Tony Bartlett says Echo Street West won’t bring a carbon-copy of the pricey apartments, million-dollar townhomes, and chain brands that have snuggled up to the Atlanta BeltLine’s Eastside Trail in recent years.
Bartlett, Lincoln Property Company executive vice president, foresees the 19-acre mixed-use project becoming the largest investment in the English Avenue neighborhood in generations, an eventual hub of offices, retail, multifamily homes, and hotel rooms with enough space—2.4 million square feet—to eclipse Ponce City Market. That could take five to 10 years to materialize across several phases, he estimates, depending on market conditions. But the near-term objective is more a quick injection of economic activity and greenspace, all straddling a new BeltLine trail segment.
English Avenue “has historically been disconnected from Midtown and other Atlanta neighborhoods, creating a divide in opportunity, resources, and growth for the neighborhood,” Bartlett wrote via email this week. “Echo Street West will spur investment in the area, and we’re dedicated to collaborating with the local community to do this in a way that will benefit both existing residents and future generations.”
But first, the dirty work.
Lincoln, a nearly 9,000-person company with a commercial footprint in 450 U.S. cities, announced this week that preliminary work has begun on Echo Street West, following the project’s unveiling just before the pandemic lockdown. The site’s a few blocks west of Georgia Tech, bordering blocks that have long grappled with blight and crime—and more recent gentrification concerns. With designs meant to echo the area’s industrial and railroad past, various Echo Street buildings are planned to rise over a highly visible intersection bordered by Northside Drive (to the east), Donald Lee Hollowell Parkway (south), Jefferson Street (north), and James P. Brawley Drive NW (west), with local rapper T.I.’s Trap Music Museum just down the street. Atlanta development watchers may recall the site was previously owned by homebuilder Brock Built, whose plans for some 700 apartments, 40 townhomes, and a lot more were met with pushback from neighbors, who lambasted so much density as inappropriate.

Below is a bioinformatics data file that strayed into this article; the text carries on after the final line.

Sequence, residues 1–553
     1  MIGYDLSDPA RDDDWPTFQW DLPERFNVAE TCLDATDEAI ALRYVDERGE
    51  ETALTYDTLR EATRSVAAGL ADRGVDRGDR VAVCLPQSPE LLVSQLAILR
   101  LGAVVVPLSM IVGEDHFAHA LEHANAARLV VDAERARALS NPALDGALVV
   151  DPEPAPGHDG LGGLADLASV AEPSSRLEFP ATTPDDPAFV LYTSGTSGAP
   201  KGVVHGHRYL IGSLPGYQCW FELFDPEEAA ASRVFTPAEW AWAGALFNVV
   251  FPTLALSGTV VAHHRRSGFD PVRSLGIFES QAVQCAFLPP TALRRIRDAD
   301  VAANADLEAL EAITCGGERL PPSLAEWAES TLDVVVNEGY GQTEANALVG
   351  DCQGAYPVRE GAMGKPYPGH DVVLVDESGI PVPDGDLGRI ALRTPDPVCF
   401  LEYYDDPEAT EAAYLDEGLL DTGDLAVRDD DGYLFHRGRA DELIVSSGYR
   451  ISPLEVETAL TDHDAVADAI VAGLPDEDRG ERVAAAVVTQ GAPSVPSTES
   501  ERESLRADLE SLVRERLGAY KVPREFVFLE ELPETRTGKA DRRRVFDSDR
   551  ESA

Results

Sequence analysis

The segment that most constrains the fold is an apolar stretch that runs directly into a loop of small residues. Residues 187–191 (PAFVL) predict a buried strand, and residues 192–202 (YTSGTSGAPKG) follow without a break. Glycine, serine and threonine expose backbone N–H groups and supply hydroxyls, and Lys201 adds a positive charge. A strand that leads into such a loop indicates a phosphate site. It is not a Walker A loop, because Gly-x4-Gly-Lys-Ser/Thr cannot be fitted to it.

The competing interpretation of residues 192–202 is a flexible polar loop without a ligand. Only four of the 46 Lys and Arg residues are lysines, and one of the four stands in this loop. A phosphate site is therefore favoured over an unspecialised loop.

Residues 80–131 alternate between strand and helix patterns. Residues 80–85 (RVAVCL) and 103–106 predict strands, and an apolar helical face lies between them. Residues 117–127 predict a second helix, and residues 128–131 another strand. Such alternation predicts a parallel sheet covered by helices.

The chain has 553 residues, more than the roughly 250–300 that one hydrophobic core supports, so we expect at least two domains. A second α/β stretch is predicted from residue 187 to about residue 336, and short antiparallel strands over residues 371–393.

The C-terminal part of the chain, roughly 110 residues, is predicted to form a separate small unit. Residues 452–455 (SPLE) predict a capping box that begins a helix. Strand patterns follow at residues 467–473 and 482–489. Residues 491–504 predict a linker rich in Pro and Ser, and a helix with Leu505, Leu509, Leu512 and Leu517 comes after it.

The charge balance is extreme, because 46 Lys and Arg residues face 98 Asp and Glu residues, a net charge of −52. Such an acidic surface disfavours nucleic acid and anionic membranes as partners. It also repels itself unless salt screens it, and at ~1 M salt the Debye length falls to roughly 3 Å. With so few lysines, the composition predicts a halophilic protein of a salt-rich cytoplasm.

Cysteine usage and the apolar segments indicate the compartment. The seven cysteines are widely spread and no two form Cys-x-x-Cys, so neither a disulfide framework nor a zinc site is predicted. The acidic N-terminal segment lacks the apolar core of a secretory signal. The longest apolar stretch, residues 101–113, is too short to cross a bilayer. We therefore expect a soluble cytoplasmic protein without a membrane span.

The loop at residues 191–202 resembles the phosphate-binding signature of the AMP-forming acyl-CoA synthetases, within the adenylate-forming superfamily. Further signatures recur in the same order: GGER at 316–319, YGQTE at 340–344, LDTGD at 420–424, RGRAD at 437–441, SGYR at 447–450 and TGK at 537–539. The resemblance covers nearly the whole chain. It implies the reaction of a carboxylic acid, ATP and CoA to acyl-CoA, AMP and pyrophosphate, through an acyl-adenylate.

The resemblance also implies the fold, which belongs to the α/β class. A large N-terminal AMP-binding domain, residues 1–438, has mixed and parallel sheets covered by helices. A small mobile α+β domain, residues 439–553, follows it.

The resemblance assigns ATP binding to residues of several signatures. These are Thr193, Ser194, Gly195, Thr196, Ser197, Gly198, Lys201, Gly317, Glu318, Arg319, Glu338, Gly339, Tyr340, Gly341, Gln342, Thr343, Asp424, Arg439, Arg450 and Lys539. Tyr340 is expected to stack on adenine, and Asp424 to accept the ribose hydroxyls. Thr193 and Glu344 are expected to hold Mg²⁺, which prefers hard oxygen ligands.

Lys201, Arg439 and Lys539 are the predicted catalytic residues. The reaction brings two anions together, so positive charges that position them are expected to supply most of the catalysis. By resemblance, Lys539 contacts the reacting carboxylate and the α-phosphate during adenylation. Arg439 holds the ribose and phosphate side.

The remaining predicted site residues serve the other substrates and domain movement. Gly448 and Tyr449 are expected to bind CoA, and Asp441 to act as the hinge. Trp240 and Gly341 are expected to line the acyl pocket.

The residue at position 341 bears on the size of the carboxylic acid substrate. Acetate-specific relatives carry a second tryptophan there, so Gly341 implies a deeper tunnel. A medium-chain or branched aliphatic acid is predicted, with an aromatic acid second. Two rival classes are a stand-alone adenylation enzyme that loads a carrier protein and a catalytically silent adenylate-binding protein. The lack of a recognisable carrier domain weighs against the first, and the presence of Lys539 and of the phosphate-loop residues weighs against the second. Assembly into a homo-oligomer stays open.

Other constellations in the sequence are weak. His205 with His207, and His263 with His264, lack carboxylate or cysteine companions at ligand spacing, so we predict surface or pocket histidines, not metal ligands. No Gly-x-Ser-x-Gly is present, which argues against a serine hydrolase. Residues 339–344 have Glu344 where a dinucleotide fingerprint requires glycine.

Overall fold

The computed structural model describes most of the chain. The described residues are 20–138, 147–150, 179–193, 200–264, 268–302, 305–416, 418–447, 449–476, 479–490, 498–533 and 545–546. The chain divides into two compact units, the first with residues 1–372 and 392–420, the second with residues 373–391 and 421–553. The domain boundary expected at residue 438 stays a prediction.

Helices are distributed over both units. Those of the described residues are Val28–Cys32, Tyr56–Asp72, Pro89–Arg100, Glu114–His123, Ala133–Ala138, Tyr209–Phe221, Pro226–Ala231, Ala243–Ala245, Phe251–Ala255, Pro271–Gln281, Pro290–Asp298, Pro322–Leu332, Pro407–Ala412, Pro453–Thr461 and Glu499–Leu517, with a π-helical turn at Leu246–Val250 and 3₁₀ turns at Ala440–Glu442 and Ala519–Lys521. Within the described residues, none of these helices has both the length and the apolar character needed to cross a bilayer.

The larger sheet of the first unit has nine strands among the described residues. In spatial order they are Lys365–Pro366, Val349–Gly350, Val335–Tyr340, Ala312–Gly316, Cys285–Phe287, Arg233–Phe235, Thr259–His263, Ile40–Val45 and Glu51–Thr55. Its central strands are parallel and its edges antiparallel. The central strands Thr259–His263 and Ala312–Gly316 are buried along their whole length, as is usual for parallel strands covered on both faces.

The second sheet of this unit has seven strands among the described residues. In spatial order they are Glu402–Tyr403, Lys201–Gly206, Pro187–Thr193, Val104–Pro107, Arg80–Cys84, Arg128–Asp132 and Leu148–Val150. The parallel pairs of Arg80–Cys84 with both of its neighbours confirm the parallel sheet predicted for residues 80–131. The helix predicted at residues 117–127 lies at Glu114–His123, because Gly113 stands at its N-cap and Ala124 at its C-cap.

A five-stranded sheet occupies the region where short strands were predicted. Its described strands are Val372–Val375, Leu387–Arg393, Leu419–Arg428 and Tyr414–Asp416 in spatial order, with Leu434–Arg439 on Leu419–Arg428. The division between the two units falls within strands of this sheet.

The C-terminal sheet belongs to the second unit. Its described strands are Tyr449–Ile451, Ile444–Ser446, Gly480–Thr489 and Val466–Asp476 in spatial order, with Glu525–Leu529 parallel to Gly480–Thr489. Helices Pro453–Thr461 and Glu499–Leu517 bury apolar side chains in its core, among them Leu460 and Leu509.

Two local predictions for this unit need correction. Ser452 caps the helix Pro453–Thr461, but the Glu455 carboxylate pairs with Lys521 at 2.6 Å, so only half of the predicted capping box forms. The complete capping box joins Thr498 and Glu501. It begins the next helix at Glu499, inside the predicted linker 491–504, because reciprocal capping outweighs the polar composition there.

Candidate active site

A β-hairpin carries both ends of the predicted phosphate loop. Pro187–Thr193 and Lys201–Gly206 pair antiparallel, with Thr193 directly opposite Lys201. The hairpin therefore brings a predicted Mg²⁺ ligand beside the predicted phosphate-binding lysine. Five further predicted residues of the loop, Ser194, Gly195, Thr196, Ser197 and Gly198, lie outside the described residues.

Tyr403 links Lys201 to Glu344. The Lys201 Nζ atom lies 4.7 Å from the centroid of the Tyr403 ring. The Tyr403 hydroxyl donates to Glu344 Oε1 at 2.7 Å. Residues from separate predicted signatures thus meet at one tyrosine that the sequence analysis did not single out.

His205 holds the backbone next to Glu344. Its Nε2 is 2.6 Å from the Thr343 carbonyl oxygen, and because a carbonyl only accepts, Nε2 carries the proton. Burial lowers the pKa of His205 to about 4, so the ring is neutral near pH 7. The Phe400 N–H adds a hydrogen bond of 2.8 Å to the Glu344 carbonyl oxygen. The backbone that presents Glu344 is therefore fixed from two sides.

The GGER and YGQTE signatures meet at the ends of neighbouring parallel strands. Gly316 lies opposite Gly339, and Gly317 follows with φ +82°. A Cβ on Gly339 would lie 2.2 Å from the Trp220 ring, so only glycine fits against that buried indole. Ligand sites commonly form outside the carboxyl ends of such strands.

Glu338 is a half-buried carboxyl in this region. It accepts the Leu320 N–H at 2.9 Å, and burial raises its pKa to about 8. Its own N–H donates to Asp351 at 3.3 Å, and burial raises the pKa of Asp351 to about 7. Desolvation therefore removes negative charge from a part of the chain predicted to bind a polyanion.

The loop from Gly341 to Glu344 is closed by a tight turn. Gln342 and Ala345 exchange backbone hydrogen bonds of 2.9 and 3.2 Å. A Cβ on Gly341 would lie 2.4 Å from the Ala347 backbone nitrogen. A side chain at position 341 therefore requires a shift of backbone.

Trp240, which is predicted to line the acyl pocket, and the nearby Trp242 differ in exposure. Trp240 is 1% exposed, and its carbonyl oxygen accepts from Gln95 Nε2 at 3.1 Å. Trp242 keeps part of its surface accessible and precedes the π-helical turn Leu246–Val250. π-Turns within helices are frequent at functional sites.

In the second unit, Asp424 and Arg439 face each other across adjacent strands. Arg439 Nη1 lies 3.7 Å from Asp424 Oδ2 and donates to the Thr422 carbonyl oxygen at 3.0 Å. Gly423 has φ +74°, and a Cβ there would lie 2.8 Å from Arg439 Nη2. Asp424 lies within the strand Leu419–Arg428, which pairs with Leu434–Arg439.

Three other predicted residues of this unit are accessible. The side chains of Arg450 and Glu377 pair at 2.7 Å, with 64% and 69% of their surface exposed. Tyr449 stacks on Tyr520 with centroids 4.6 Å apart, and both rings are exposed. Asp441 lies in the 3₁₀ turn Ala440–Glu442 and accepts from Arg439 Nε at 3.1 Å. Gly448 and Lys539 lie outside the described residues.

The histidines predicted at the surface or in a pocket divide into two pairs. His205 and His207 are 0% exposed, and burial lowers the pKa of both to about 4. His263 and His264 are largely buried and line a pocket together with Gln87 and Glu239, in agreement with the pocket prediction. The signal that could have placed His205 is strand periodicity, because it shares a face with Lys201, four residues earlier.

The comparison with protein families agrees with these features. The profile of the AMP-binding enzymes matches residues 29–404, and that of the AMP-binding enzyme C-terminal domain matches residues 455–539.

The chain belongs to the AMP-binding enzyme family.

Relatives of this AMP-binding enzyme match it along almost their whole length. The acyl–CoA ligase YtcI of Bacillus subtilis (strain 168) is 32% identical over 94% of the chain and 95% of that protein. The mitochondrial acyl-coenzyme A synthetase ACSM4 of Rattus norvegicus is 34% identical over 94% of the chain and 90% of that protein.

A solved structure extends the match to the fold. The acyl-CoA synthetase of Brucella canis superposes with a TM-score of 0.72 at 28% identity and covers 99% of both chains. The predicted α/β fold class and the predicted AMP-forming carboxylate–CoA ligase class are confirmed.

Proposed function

Lincoln appears to be taking a measured approach. The $17-million first step that’s underway now will be mainly infrastructural, replacing outdated utilities, improving stormwater retention, paving miles of roads, meeting environmental standards, and installing what developers described as a “fiber backbone.” The site, for now, is home to a few low-rise buildings. “We’re preserving the most salvageable structures,” says Bartlett, “and we’re drawing inspiration from their history to inform their adaptive-reuse.”
All that will set the stage for years of vertical construction—and a place Lincoln officials say people will want to visit within a few months. By next spring, expect one building to be converted into an artist and makers colony, and another an event venue with live music capabilities. Several buildings along Donald Lee Hollowell Parkway will be redone as an open-air bar with dining from local chefs, outdoor games, and gathering areas. More than 30 percent of the initial phase will be reserved for greenspaces such as passive gathering spots and communities gardens.
“We plan to highlight the character and culture of the surrounding communities by working with local artists, makers, chefs, and entrepreneurs to activate the spaces,” notes Bartlett. “Expansive outdoor community spaces were already a key part of our plan prior to the pandemic, and looking ahead, we understand the value and need for these open-air environments more than ever.”
Lincoln is seeking construction financing now for all vertical pieces of the first phase, as design and permitting work moves ahead on several fronts. Beyond what’s planned to open in the spring, the initial phase calls for 285,000 square feet of offices, 30,000 square feet of retail, and 300 apartments—with 20 percent of those qualifying as “affordable” for households earning 80 percent of the area median income, Bartlett says.
Officials with Lincoln and DPR Construction, the general contractor, hope to source Westside talent via forthcoming job fairs and to engage minority and veteran-owned businesses by partnering with nonprofit Westside Works. Bartlett says the project’s expected to generate 600 temporary construction jobs, with more than 2,220 permanent employees working at the district when complete, according to an economic impact analysis conducted by an outside advisory group.
Along with Mercedes-Benz Stadium, State Farm Arena, and the closely watched, 70-acre Quarry Yards site recently bought by Microsoft, Lincoln officials cite unbeatable proximity to the Westside Connector Trail—it cuts right through the property—as a selling point.
That spur trail on the former CSX railroad “Kudzu Line,” a team effort by the PATH Foundation and BeltLine, will span about three miles between Centennial Olympic Park and Marietta Boulevard at Huff Road. The trail and first redone section of nearby Westside Park at Bellwood Quarry—planned to eventually be Atlanta’s largest greenspace—are both expected to open before year’s end.